Njagu bemoans lack of vibrant film industry

File pic: Joe Njagu

WITH 2022 being a year of catching up after two years of almost everything being put on hold due to the Covid-19 restrictions, a lot of creatives in the showbiz foresee 2023 as a year of transformation and transitioning.

Most creatives who are into film, acting and directing consider this section to be a sector rather than an industry. Joe Njagu, a film director who directed the movie Cook Off which became the first Zimbabwean film to be on Netflix, has been the most vocal in saying the country does not have a film industry, but rather a film sector.

“The future for film in Zimbabwe is in creating an industry. We do not have a film industry, rather a film sector that we are trying to develop into an industry,” he said.

Looking at the film distribution pattern in Zimbabwean movies, the statement is quite justified because an industry is likened to a biological organism as it is consistent in its dealings, that is to say there is a constant workflow whereas as a sector it is prone to inactivity.

Njagu added that in order to take a step towards having a film industry, all stakeholders in the sector including filmmakers themselves and government should take action seeing that the sector is coming from an era of the 80s and 90s where film was reliant on NGO funding.

Late November 2022 Joe Njagu attended a filming workshop which was hosted by University of Zimbabwe film, radio and television students where he gave a presentation on Zimbabwe narrating and telling its own story through film.

“I remember when I first went to New York City, I felt like I had been there before because everything I was seeing I had seen before on television.

“That is the unrecognised power we have as storytellers and film makers in Zimbabwe because the sad thing is if we do not write and tell our stories, they will come and tell it on our behalf for example Woman King and Wakanda where stories of the Dahomian Kingdom and an African super hero were told for us,” he said.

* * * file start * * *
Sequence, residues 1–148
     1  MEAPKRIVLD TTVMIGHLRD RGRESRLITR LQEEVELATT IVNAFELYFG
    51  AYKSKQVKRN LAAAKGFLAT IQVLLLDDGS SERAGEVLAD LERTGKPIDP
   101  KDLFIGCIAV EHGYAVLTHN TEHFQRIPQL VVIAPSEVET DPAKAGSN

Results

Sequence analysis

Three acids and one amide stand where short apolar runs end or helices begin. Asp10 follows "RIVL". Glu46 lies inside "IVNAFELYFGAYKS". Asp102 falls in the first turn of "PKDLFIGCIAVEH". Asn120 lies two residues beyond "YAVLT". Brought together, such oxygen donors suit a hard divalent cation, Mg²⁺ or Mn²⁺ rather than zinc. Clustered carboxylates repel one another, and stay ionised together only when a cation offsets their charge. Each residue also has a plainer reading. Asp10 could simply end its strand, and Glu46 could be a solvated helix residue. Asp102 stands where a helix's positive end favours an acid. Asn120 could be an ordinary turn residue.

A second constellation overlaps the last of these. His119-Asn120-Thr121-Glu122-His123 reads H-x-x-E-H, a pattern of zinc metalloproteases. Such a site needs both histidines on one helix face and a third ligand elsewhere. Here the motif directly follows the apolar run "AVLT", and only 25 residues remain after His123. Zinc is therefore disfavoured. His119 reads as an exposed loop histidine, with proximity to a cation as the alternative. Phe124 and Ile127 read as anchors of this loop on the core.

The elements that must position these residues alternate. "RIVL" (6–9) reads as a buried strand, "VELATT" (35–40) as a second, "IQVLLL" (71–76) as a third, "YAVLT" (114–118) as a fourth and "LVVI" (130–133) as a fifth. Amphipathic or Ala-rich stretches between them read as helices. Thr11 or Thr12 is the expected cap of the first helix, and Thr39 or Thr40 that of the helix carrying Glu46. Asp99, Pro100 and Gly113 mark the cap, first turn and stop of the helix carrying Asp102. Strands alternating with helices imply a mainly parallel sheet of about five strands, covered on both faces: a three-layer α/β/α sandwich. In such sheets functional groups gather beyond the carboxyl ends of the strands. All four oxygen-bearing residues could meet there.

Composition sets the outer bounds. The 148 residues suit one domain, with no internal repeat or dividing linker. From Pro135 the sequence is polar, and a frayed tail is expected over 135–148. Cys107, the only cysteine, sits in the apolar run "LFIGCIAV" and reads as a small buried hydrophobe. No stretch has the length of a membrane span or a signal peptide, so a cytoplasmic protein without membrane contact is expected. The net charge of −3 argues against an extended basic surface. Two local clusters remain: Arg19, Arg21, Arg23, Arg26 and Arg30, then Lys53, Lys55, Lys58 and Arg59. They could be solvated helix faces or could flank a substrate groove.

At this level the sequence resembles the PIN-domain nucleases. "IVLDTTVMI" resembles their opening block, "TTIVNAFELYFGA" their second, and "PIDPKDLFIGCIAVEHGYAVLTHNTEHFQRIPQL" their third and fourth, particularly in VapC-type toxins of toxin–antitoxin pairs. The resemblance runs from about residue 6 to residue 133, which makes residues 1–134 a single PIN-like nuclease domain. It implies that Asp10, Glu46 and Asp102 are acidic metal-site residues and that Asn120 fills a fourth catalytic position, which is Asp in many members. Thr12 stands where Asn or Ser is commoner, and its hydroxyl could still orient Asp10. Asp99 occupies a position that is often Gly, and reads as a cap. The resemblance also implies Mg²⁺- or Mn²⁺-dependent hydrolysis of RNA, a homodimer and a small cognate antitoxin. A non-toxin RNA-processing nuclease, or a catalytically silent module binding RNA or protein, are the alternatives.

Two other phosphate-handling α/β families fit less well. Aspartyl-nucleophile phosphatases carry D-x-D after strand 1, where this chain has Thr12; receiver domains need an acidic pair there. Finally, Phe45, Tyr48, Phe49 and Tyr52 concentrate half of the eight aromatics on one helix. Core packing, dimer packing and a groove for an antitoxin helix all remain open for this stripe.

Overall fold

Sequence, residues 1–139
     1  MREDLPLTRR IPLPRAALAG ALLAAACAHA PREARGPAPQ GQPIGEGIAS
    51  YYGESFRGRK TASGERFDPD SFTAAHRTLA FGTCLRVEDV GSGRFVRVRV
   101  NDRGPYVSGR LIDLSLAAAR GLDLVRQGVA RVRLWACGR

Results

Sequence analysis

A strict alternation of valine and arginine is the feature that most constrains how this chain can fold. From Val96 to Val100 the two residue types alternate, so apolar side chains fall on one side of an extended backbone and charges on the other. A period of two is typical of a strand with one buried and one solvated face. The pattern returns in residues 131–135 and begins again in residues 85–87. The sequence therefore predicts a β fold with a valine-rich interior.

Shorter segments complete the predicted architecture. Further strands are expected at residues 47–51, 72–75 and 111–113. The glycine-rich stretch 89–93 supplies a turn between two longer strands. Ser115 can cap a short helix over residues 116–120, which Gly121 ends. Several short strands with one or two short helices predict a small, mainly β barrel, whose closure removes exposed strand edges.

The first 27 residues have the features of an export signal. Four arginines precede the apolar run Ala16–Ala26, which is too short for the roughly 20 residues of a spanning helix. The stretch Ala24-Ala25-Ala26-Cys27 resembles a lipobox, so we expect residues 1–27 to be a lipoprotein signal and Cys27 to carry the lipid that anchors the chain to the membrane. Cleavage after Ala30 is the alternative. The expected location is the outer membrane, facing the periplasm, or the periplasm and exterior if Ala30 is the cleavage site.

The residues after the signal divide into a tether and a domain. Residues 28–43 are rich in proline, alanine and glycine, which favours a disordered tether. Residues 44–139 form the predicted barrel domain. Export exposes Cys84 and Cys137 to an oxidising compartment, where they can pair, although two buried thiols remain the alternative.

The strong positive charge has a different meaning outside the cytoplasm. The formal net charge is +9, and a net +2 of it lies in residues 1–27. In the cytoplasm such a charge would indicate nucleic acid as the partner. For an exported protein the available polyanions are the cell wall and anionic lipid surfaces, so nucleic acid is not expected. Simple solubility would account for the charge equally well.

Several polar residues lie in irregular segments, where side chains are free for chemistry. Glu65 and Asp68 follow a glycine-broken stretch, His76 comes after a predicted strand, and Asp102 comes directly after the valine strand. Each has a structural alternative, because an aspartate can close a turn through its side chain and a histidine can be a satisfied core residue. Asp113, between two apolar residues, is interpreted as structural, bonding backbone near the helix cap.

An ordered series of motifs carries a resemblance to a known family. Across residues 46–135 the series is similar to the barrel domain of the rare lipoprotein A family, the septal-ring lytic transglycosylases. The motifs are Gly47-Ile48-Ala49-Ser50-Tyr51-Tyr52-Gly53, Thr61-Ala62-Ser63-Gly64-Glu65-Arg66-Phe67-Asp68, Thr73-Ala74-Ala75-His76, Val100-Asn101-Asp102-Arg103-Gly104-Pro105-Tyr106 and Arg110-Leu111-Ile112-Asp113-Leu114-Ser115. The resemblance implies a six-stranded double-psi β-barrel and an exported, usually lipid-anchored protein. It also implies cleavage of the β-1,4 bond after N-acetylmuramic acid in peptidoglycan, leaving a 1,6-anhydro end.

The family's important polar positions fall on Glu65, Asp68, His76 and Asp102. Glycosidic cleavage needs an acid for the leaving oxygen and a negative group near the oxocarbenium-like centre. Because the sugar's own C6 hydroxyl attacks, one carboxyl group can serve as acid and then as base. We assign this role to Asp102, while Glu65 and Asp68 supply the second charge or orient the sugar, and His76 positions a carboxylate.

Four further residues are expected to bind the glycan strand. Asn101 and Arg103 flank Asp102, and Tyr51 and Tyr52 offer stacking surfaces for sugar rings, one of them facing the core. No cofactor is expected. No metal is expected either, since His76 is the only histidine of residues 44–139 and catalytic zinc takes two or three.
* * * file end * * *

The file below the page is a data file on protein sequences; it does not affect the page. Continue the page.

He acknowledged how privileged the new generation film makers are as they are exposed to technologies that allow them to make films on low budgets. For instance one can shoot a film using a smart phone and publish as well as market it online and if there is consistency they can get paid through these new media platforms.

“Film was used as a tool of communication, to get messages across the masses. There is an AIDS pandemic and teenage pregnancy we got Yellow Card, inheritance issues we got Neria and these movies were funded by NGOs as they were not commercial.

“This was not bad at all, but they were dependent on big NGOs forking out money to push their agenda and in the long run when this funding stopped, it died with the sector then. Only now is there a crop of players that are trying to do an approach that can be commercially viable and ensure continuity as well as profits,” he said.

The film director said he is seeing growth in the sector which is encouraging more film schools to be established.

“To all aspiring filmmakers I say let's continue as we have a long road to go and experience is the best teacher while repetition is the father of learning too,” he said.

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